THE Financial Reporting Council (FRC) is writing to around 1,200 financial directors at smaller listed and AIM quoted companies with helpful advice on ways that improvements can be made to annual reports in areas of interest to investors.
The accounting and auditing watchdog’s report – ‘Improving the Quality of Reporting by Smaller Listed and AIM Quoted Companies‘ – revealed the importance investors place on the annual report when making investment decisions in the absence of other key sources of sectoral information, such as analysts’ reports.
Core investor expectations include the strategic report being clear, concise, balanced and understandable, with a clear explanation of how the company generates cash flow. Another critical element is that accounting policies are clear and specific, particularly in relation to revenue recognition and expenditure capitalisation.
Stephen Haddrill, FRC chief executive, said: “It is imperative that annual reports enable investors to understand exactly how the company is performing to enable them to assess the long term prospects for their investment.
“For smaller quoted companies in particular, investors rely heavily on the annual report because other information is relatively scarce – they look for company specific information, rather than a standard templated report, that they can understand and use to make informed decisions.”
The FRC has also vowed to write to larger listed companies with specific advice for the preparation of their annual reports.
In response to the regulator’s decision, Big Four outfit PwC said that investors want a “brighter spotlight focused on the reporting of risk and strategy, in discussions around sensitivities, markets, performance and likely key cash flows”. Such an approach would help build a longer-term view of a business that can drive a positive perspective on its long term prospects.
According to a recent PwC FTSE 350 review, some annual reports – especially the strategic reports – contained what it dubbed “rare gems of information not presented elsewhere” as well as insights into past performance or future potential.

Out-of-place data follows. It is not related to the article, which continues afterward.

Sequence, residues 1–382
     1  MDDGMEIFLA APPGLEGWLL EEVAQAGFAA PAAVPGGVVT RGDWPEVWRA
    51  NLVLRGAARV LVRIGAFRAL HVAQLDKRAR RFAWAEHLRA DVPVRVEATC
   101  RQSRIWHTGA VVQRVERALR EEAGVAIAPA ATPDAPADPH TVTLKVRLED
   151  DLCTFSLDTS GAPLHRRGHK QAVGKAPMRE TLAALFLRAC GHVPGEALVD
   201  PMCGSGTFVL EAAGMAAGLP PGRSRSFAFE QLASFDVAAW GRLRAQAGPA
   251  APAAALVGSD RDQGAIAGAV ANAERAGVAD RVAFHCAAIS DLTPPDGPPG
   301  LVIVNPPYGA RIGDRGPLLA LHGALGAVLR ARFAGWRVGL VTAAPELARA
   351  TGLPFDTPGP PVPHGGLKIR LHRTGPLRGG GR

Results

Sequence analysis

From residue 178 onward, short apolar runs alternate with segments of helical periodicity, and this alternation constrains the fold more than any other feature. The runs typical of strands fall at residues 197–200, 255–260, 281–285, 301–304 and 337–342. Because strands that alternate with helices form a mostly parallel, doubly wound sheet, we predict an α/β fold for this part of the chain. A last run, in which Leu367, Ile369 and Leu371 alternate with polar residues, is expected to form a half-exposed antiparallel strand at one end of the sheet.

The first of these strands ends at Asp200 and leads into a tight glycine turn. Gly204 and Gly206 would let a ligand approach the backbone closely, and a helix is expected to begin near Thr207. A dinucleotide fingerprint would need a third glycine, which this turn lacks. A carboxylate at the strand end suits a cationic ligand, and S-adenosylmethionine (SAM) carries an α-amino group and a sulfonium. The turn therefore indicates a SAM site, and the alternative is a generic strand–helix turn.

However, many strategic reports often contain a mass of annual data and text, which is largely backward looking and gives very little insight into a company’s current and future prospects.
Meanwhile, the firm’s recently published “Searching For Buried Treasure” analysis found that as much as 41% of the FTSE 350 only felt comfortable looking as far ahead as next year and 30% were more vague, preferring to talk about “the future” in broad generic terms.
Mark O’ Sullivan, corporate reporting director at PwC, said: “Reports are getting larger – and in some cases are the length of a blockbuster novel. It’s vital that the key information – of the financial and non-financial variety- is included. But it also must be easy to find and understand.
“PwC recently adopted a ‘digital only’ approach for our latest annual report. But for listed companies adhering to current requirements, embracing the digital aspect to reinforce their annual report might be one way to enable greater transparency – and accessibility – of information in a way not possible on paper alone.”
More companies need to explain the interconnect between their strategy and business model, he said, and how risks affect strategic plans, what resources and relationships drive the business and how these are being managed and progress measured through KPIs.